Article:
Re: Possible ???
"Am i being too naive in thinking it is easy to find this data ?"
No. Our last telecommunications act shifted the ownership of call records from the customers to the telecoms industry. Lots of good data to be mined there. Never mind cell phone locations, if I can get a list of people that call the company switchboard (calling in sick, etc.) I can get a list of employees. And much of this information has moved offshore, beyond the reach of US laws governing sensitive material. When I call the phone company's customer service line, I usually hear a thick Hindi accent.
Anecdote: Back before the Internet was invented by Al Gore, I worked for Boeing. Lots of gov't stuff going on there in addition to commercial aircraft. We had (paper) company phone books which were updated about once every three months. And quite a few people took one home, in case they were off sick and needed to call in. All approved by management. When the new phone books came out, the old ones were just tossed into the trash. At home or at work. Free for the dumpster divers. The phone books had names, company phone numbers and organization/project numbers. So anyone with a keypunch, old school mainframe and time on their hands could have easily reverse engineered the companies entire project assignment structure. Given that we had quite a few domain experts working for us (and the KGB had dossiers on them and their skills as well), it would be pretty easy to figure out if a new group was being assembled for a particular task. And get a good idea whet they were up to. Absolutely no clue as to security on both Boeing's as well as the Pentagon's part.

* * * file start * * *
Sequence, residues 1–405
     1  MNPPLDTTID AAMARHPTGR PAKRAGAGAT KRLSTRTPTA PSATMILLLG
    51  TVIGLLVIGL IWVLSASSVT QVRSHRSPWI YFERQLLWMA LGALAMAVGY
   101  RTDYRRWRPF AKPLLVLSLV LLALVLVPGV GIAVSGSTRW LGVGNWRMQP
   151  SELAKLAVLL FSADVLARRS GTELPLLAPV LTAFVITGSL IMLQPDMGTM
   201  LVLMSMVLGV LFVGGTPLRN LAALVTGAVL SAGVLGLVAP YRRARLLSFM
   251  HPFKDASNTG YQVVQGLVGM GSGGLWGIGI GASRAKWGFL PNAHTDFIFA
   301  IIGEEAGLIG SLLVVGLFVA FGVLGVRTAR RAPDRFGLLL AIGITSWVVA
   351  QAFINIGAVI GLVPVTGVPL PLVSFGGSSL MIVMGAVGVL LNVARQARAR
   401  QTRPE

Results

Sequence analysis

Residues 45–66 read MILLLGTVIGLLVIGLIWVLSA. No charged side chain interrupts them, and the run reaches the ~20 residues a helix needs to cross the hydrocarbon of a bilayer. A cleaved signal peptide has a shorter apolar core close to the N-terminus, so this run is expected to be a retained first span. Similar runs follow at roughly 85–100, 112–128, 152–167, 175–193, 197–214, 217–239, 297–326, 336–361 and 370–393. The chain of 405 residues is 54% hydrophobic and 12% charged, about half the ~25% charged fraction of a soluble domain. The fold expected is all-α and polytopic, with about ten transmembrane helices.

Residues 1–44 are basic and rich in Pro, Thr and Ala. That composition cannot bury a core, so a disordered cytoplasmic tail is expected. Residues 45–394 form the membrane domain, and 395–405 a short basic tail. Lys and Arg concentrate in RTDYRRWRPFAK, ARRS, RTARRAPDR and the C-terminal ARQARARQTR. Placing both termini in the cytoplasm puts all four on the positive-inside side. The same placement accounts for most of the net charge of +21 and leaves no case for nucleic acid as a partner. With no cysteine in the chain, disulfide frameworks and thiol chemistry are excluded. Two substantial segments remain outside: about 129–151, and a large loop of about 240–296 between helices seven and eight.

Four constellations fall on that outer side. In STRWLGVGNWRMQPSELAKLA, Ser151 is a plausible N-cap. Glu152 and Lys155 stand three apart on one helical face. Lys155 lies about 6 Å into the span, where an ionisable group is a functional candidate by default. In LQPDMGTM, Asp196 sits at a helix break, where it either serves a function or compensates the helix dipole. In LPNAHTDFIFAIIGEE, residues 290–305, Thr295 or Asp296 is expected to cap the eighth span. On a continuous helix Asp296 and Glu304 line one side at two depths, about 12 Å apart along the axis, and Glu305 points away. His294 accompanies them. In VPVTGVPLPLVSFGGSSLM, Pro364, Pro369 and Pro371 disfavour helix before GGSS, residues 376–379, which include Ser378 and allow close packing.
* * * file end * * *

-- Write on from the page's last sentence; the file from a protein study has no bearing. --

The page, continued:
In a subsequent job, which did involve high level clearances, I was told not to reveal even the name of the company I worked for. My CV is just a black hole for that period.